For Mzi Mbangula: rest in peace, comrade of my youth. During 1981 I attended a YCS conference in SOWETO. On the way back, Zelda Holtzman who I met in Joburg suggested that we visit the mother of a friend in Zweletemba on our way through Worcester.  The friend in question was Mzi Mbangula, the nephew of Rev Otto Mbangula. I had known Mzi and he and Simon Fredericks were both YCS activists and had gone into exile more or less the same time. Mzi was an astute observer with a keen intellect, complimented by his wry wit and easy laugh.

When we met Ma Mbangula, her opening question to Zelda was “Where is my child?” That moment unlocked the following poem


On a morning such as this.

when the hills were dark

with the colour

of burnt dark.

And the sun in the wind

was soft upon

the land.

And the streets of the places

where we live

were very still.

On a morning such as this.

when the hills were dark

when not even you mother knew

you left us.



So Much to Declare

During a visit to the USA in May 2013 I found a way to calm my spirit as I stood in line for the intimidating ways of ‘Homeland Security’. I would play on my i-pod Chris McGregor’s ‘Country Cooking’ to remind myself that God loves me and the hostile dude in uniform without measure.

Entering Mzantsi in 1982 after a visit to the UK, I had poetry as my rock and shield.


London, a frozen, dark distance

from sunny skies over Joburg

as BA flight 307 touches ground

on my anxious land. Yet rejoice, O my soul.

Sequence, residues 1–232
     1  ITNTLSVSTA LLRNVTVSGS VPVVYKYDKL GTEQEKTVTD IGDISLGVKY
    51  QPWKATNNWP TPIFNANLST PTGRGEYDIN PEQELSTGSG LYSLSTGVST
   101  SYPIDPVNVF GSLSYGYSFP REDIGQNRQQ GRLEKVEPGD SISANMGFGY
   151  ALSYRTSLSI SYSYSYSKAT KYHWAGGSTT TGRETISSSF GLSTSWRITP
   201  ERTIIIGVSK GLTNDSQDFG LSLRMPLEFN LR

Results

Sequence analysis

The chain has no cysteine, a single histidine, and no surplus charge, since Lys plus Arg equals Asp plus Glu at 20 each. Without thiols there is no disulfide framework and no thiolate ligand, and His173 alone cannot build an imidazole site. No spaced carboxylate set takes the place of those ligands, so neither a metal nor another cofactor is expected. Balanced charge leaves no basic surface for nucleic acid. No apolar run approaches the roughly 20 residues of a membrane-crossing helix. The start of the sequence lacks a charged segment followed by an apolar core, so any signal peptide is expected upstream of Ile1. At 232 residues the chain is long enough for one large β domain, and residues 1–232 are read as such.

AJ Luthuli International Airport

where the open doors

of peace and friendship

welcomes all

who love freedom and our people

to a liberated South Africa.
Blue eyes,

warm beneath

the peaked cap of officialdom,

admires the miniature bust of VI Lenin,

COLLETS price tag still intact.
Porters on lunch-time break

grin amandla smiles.

Mbaqanga happiness

forms the excited queue.
I wonder how the debate about a new name for our country was faring and Phila’s suggestion that the Settlers Monument in Rhini, once Grahamstown, be made into the biggest beer-hall in the Eastern Cape.
And last year, like a dream, walking with Fidel Castro along Bernard Fortuin Avenue pass the Alex la Guma Cultural Centre in Elsies River where the Orient Bioscope used to be, and the Commandante laughing through his beard at my account of how we youngsters used to cheer when Zorro rode onto the screen and into our lives. And Daniel, (yes man, Daniel Ortega) saying that they did the same when he was a boy in Managua and Che somewhere in jungled Bolivia.

“Anything to declare?”

Voice hard

like blue eyes hard

like rock

tumbling down,

crashing ten-storeys down,

dangling like time.
“Anything to declare?”.
Blue eyes shouting,

“Ja, boesman, with your wing-tip shoes,